Defining the expected behavior of DatabaseStatements.execute()

It would be very helpful if the core team could define and document the expected behavior of DatabaseStatements.execute(). The implementations appear to vary. Most adapters will return some sort of native result set, SQL Server returns nil and expects a block, DB2 and Sybase return the affected row count.

So please, will someone in core explain the expected behavior and can the execute() documentation in the DatabaseStatements module be updated to reflect the required behavior. Thanks.

V/r Anthony Eden

It would be very helpful if the core team could define and document the expected behavior of DatabaseStatements.execute(). The implementations appear to vary. Most adapters will return some sort of native result set, SQL Server returns nil and expects a block, DB2 and Sybase return the affected row count.

So please, will someone in core explain the expected behavior and can the execute() documentation in the DatabaseStatements module be updated to reflect the required behavior. Thanks.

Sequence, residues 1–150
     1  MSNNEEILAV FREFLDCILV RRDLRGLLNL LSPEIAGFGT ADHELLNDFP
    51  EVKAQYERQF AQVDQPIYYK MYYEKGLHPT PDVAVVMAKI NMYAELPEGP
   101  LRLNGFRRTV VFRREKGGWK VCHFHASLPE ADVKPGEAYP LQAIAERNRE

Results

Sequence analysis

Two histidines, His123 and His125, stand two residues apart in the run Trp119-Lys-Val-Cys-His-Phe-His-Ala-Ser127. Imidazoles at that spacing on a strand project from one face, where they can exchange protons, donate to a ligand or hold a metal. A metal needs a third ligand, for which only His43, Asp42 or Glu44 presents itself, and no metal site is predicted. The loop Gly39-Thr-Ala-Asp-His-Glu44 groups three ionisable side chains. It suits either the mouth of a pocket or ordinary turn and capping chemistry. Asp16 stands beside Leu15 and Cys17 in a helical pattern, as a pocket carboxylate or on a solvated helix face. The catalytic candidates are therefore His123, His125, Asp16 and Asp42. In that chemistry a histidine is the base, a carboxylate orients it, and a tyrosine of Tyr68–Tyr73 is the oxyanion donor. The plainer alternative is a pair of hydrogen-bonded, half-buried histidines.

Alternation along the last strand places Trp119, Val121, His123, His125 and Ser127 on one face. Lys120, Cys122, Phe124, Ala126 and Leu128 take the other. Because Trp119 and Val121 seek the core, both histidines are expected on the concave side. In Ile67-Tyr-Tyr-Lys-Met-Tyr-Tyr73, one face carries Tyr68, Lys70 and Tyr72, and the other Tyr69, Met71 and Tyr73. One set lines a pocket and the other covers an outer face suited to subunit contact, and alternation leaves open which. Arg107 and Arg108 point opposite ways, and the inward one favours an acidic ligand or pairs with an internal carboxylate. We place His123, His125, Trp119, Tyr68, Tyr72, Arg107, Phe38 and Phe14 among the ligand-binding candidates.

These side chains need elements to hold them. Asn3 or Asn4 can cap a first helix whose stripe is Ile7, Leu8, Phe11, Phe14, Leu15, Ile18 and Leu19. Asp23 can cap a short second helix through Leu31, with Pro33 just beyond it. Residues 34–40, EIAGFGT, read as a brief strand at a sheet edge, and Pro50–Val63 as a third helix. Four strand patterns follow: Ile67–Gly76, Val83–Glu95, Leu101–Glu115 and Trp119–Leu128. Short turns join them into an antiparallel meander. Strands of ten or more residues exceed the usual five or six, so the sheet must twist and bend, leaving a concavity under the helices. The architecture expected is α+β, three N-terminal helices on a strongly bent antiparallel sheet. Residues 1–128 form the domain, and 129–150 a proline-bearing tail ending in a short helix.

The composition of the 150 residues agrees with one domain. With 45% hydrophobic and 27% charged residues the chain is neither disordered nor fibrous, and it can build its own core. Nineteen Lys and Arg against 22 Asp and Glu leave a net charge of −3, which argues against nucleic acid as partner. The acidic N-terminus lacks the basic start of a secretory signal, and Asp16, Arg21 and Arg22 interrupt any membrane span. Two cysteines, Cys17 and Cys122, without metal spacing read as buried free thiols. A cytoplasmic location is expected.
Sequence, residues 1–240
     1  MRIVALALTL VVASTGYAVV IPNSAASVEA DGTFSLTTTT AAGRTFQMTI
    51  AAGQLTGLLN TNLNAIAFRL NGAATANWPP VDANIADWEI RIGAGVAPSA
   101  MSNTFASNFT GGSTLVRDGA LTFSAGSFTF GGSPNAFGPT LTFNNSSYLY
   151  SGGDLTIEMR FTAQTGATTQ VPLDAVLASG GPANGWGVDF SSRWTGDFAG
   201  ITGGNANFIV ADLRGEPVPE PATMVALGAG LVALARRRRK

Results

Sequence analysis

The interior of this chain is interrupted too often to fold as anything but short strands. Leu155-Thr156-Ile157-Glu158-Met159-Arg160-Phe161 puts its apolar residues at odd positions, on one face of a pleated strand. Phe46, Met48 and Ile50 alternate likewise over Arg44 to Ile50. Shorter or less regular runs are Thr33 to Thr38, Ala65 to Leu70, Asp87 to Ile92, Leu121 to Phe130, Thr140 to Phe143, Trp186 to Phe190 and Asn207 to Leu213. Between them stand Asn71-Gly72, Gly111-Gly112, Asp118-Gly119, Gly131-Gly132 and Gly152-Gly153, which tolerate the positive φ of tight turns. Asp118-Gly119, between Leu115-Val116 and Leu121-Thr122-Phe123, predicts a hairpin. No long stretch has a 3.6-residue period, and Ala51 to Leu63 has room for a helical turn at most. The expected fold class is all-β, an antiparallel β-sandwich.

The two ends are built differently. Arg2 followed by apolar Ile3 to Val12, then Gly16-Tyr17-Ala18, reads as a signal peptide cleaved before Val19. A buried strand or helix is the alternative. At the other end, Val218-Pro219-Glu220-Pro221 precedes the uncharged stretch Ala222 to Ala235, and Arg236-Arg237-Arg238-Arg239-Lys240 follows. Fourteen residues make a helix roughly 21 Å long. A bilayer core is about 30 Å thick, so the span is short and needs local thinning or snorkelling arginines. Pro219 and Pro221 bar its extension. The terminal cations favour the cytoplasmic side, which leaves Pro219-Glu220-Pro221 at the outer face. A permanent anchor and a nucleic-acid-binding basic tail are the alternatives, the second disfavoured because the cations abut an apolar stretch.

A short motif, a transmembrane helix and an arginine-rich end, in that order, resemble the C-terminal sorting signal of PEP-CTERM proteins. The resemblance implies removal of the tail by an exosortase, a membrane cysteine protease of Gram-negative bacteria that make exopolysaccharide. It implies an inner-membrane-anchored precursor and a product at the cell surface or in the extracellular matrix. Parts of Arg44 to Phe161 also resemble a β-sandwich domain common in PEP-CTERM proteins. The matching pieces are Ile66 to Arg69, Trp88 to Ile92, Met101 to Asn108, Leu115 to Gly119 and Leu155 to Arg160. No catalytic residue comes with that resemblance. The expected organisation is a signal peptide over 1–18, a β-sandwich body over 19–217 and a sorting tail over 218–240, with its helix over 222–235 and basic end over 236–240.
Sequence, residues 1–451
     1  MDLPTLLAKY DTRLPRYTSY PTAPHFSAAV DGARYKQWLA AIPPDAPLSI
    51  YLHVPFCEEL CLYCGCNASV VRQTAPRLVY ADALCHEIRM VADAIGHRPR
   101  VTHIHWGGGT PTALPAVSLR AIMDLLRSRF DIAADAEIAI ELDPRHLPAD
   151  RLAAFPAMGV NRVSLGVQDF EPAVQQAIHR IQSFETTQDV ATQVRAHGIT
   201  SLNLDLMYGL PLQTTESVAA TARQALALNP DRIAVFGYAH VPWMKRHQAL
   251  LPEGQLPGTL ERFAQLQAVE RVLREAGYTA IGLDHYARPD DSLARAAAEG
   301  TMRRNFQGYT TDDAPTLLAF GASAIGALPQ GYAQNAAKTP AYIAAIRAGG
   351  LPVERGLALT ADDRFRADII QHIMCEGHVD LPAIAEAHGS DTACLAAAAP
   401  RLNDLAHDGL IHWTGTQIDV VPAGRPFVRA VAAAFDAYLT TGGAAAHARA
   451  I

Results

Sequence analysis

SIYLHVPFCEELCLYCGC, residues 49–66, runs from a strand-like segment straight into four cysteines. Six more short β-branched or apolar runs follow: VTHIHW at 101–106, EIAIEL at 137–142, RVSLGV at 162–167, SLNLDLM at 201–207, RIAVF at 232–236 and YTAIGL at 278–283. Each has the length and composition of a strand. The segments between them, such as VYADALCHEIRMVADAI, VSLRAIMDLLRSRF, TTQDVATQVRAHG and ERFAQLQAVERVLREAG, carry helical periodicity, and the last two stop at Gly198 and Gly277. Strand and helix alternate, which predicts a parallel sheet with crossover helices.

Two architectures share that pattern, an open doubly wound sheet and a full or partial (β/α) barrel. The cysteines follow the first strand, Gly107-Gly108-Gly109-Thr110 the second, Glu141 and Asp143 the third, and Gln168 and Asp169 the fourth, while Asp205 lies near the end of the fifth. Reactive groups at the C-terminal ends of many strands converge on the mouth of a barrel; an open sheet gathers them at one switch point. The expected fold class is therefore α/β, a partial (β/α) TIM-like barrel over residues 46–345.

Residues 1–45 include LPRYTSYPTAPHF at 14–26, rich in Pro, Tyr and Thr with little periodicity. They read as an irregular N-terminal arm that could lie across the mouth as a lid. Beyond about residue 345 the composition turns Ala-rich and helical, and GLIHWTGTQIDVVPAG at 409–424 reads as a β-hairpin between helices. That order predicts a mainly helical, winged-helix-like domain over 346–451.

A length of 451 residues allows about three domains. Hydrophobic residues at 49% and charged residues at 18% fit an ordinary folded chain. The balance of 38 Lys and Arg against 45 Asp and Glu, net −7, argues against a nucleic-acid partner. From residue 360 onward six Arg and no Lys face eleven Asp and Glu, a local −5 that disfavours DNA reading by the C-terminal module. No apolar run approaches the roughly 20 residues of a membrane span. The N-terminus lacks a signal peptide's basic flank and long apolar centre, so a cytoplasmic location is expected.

My understanding is that the return value of execute is undefined, but that it shouldn't require a block. The use case is essentially:

"Run this statement, I don't need a return value"

I agree, the behaviour of execute is undefined, beyond 'do this on the database'. select_one, select_all, select_value, insert, update and delete provide a standard interface to the db across adapters, while execute gives much lower level access to the underlying connection. So in general, you're much better off using the former rather than the latter.

BTW, while the SQLServerAdapter.execute can take a block, it shouldn't require one. The block is used to give access to the result set from the database, without returning it (and running the risk that it isn't closed after use). If no block is provided, the command should run with no return value.

Tom

One more thing - now that 1.2 is out the door, surely now is a good time to rationalize ActiveRecord and the various adapters. To start the debate rolling, I'd like to say add_limit_offset! smells really bad. Surely there's a cleaner way to manipulate the SQL than bouncing it between ActiveRecord::Base and the adapter?

Thoughts?

Tom

One more thing - now that 1.2 is out the door, surely now is a good time to rationalize ActiveRecord and the various adapters. To start the debate rolling, I'd like to say add_limit_offset! smells really bad. Surely there's a cleaner way to manipulate the SQL than bouncing it between ActiveRecord::Base and the adapter?

It definitely would be nice to refactor all the SQL generation out of Base and into the adapters, where they can safely override whatever behaviour they need to. I don't know that there's necessarily going to be any debate over that :).

By all means, start another thread with what you have in mind :slight_smile: